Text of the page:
Our annual Classics Reading Challenge is back with twelve brand-new reading prompts to inspire your TBR in 2023! Expand your reading horizons and delve into classic literature with a variety of genres and themes.
2023 Reading Challenge for Classic Literature
Our first-ever Classics Reading Challenge was a tremendous hit, so I’m happy to say we’re bringing it back for Year 2! There are no repeat categories, so you’ll get to keep discovering new genres, authors, and regions. This is a very flexible reading challenge, but here are a few rules and parameters to help you make your selections:
- All books must be written before 1970
- You may not count the same book for multiple categories
- Children’s chapter books are fine (but no picture or storybooks)
- Books may be re-reads from titles you’ve read in the past
- You may join the challenge at any time, even if you discover this late!
I will be writing blog posts with suggestions for many of the prompts in the challenge, but other great resources for finding books are my lists of 101 best classic books to read and 50 classic children’s chapter books.
2023 Classics Reading Challenge Monthly Prompts
January: A classic detective novel
For the first month in our reading challenge, curl up with a cozy detective novel and solve your way through winter! If you’ve been paying attention to our Wimsey Club, you’ll know that there are SO many good mystery authors to choose from! You can look at that for ideas. If you want to try a novel by Agatha Christie, the queen of classic mystery, take a look at my ultimate guide to every Agatha Christie book in order.
February: A book with a character’s name in the title
This category is wide open, because you can find a book to fit from any genre or period. You could go with Emma by Jane Austen, Tom Brown’s Schooldays by Thomas Hughes, Peter Pan by J. M. Barrie, or My Cousin Rachel by Daphne du Maurier…this is an endless list! I’ve collected dozens of books with characters’ names in the title on this page, and I’m sure as you look through it, even more will come to mind!
March: A classic fairy tale collection
You have lots to choose here, from Andrew Lang’s The Blue Fairy Book or other color fairy books, a Hans Christian Andersen collection, or a collection of Arabian Nights. Here’s a complete blog post with many more suggestions for classic fairy tale collections!
April: A classic Japanese novel or short story collection
Celebrate cherry blossom season with a classic of Japanese literature! Here are some ideas for classic Japanese novels and short story collections.
May: A book with a movie/TV adaptation you’ve already seen
You know how sometimes you see a movie or watch a show and it inspires you to read the book it’s based on? This is your motivation to do it! If you’ve watched the BBC North and South or a Jane Austen movie or the Sherlock series, go pick up the original and discover all the ways the book is alike or different!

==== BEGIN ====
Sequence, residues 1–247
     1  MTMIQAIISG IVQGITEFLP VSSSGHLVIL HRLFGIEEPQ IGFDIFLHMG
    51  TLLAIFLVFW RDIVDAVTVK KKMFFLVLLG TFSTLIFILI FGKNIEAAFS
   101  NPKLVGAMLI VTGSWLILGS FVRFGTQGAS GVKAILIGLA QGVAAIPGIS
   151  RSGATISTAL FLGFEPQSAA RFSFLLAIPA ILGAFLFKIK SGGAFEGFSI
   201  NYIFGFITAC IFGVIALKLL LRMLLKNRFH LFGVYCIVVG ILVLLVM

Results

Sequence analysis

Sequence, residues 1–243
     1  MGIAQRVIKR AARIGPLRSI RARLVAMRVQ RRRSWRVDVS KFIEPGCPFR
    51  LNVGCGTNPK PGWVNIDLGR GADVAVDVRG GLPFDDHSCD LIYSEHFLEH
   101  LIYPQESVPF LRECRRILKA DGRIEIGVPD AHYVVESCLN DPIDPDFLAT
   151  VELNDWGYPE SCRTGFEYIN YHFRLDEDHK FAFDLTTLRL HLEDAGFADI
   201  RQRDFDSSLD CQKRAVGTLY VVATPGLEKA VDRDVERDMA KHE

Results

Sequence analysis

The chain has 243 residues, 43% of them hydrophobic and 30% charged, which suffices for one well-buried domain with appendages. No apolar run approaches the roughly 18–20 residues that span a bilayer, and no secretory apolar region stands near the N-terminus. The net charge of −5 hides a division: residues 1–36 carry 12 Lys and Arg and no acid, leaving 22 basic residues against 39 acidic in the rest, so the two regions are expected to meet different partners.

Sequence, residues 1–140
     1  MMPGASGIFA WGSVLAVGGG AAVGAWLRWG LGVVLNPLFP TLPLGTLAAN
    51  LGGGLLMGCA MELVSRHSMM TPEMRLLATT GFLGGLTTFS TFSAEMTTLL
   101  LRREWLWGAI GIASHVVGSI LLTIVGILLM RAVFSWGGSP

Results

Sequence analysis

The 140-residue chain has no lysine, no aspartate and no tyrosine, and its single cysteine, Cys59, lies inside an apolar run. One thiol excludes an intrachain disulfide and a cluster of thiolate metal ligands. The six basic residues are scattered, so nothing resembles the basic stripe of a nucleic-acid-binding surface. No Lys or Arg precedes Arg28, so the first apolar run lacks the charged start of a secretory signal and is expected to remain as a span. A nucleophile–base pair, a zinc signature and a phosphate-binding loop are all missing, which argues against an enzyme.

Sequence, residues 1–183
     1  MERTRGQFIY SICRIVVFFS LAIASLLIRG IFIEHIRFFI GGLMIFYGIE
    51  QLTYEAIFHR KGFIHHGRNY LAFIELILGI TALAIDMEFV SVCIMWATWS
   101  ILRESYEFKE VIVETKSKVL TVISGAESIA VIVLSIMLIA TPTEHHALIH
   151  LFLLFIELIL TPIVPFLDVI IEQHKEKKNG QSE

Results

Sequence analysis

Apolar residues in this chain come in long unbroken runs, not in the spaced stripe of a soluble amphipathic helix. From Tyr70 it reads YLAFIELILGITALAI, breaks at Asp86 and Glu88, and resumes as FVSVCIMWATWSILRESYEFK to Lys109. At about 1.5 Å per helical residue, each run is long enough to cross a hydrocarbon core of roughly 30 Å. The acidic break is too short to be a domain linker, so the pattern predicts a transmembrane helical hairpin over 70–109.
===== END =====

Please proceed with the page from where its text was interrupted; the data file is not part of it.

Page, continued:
June: A classic set at sea
We’re going to sail into summer with a sea story! Check out my nautical fiction reading list for ideas. I may add some more to that as well.
July: A narrative poem or collection of poetry
Choose a long, narrative poem from any era, or read a collection by a poet you want to acquaint yourself with.
August: A classic by a Latin American author
For this category we’ll go beyond Gabriel García Márquez (although you can choose him, too) and learn about other classics written by authors from Mexico, Central America, South America, and many of the Caribbean islands. Here’s a list of lesser-known Latin American classics.
September: A Dickens novel
Am I going to make everyone in the challenge read a book by one of my favourite authors? Why yes, yes I am. Here’s an introductory post to Charles Dickens and a complete guide to all of his novels. And if you still need help deciding what to read by him, here’s a quiz you can take to help you choose a Dickens novel.
October: A nonfiction classic
This is your opportunity to dive into ancient histories, or read an autobiography, a work of literary criticism, or a vintage self-help classic.
November: A classic fantasy novel
December: A classic set in a place you want to visit
What destination is on your bucket list? Read a classic book set in a place you plan (or wish!) to visit. And to get you in the mood for literary travel, you might like to take this quiz to match you to your ideal fictional vacation destination!
Enjoy choosing your books for each category…I can’t wait to see what you pick! If you use Instagram, you can tag @teaandinksociety to share your reads. I’ll also be posting monthly discussion threads in our private Facebook group, which you get access to as an email subscriber.
Want to see what books we read for last year’s challenge? Here’s the 2022 Reading Challenge.